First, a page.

Start with blocks 1 and 2 - value proposition and customer segments. Make sure to check the Help as you work on blocks for some pointers. nothing is right/wrong - get all your ideas/thoughts down and then you can start to focus/order them.
The items on the canvas are all really guesses. So once you have them on the canvas you need to validate them - turn guesses in facts by proving them true or false. You do this with tests.
Business Model Fiddle also has templates for other useful tools/exercises such as SWOT, Personas etc.
Depending on the nature of your idea it may be viable to create a Minimal Viable Product (MVP) with which to test (a prototype version with limited features).
Tests can include a simple web page with information and "sign up" form to gauge interest. Validating by talking to potential customers etc.
Update the canvas as you get results and add new "guesses". You can take Snapshots of the canvas to record your progress and capture key changes.
This approach will minimize waste/costs and get you to a working solution quicker. It also sets you up really well to write a formal/traditional business plan as the canvas blocks support/map to sections of the plan.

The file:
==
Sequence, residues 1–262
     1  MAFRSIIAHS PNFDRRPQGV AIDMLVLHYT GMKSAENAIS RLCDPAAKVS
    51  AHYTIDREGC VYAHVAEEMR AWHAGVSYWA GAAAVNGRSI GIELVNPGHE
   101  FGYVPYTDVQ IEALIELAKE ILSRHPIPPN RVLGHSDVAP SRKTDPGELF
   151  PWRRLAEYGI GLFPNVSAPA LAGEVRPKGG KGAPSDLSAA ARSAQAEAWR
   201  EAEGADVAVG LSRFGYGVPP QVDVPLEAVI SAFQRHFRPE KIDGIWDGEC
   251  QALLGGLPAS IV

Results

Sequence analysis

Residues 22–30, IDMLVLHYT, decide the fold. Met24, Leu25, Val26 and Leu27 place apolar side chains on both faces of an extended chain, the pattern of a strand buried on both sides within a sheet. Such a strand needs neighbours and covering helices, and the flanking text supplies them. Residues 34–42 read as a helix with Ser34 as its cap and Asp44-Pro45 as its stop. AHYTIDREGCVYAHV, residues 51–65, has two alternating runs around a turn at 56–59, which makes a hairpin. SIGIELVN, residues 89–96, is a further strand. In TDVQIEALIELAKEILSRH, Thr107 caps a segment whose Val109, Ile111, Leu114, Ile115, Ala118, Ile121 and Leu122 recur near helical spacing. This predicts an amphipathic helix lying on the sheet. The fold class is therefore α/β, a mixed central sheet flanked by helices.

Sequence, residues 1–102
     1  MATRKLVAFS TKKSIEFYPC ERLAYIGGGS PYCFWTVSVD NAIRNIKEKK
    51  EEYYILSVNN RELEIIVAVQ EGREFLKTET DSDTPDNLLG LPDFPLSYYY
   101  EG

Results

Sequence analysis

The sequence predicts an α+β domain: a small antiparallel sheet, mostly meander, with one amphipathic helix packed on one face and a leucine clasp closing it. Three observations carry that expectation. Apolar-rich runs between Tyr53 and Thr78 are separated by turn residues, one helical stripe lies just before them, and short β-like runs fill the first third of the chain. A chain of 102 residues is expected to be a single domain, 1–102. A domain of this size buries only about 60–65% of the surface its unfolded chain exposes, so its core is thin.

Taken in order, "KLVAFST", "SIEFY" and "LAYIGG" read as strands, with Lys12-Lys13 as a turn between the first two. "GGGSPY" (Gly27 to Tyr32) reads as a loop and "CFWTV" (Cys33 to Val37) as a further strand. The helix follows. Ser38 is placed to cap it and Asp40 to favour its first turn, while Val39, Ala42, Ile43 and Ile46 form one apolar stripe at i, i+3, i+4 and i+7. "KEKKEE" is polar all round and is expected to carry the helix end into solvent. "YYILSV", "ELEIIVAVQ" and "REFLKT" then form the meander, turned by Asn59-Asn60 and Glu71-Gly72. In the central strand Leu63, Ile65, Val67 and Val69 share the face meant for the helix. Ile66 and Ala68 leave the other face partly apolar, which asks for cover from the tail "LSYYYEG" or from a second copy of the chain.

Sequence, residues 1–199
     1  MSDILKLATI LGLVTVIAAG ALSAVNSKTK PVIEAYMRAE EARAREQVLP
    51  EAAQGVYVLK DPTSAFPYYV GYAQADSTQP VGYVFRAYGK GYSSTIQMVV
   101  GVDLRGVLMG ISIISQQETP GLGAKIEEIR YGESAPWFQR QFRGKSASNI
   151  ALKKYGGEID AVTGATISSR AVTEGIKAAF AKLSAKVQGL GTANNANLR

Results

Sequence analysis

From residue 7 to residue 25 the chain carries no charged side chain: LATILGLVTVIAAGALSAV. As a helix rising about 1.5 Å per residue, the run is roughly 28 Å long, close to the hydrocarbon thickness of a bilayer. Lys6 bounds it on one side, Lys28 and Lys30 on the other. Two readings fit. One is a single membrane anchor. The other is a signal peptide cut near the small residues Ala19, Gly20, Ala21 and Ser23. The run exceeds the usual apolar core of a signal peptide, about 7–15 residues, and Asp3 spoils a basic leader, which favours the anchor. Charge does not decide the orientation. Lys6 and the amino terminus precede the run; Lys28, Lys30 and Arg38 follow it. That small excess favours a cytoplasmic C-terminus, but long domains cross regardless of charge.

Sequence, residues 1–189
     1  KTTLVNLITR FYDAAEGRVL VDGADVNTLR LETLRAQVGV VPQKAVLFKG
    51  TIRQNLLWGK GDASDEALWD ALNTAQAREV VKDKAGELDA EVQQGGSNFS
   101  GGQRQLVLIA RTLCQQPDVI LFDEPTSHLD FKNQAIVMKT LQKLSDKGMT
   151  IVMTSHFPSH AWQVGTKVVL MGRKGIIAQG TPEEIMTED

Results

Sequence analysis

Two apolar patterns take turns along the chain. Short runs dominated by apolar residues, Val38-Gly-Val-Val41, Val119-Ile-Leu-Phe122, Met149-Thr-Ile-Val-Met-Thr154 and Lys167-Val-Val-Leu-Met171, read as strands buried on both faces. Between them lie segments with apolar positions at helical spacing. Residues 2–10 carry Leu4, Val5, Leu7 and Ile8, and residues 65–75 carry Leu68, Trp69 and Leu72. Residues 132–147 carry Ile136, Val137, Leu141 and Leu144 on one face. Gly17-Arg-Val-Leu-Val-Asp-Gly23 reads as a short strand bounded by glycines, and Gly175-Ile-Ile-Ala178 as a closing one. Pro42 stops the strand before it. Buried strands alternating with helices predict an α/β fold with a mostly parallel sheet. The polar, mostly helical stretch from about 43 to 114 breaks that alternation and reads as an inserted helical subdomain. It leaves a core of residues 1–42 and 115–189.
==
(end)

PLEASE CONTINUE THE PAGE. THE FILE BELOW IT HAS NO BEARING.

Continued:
I highly recommend Steve Blank's book "The Startup Owners Manual"
Find past case studies of similar ideas that have been put in place and achieved successful results. Using statistics/research and trends that support and substantiate your idea also helps. I think its often a numbers game. Evidence seems to be very important in persuading others to believe that you ideas will work, even if in small measures.
Use a survey - some people you know and some you don't - give 5-10 questions about your idea without giving it totally away. Use T/F or multiple choice answers. It should give you enough info to see if the plan is valid or not.
List them down and discuss with fellow peers whom you might join to start the company or if you begin the company alone then check research out there that might be similar to a company you are launching. Because it with give one a rough idea what to expect in a challenging market.
Several ways: Market need (Sales or ready prospects), Competitive analysis (position and validation), and whether you would use your own product.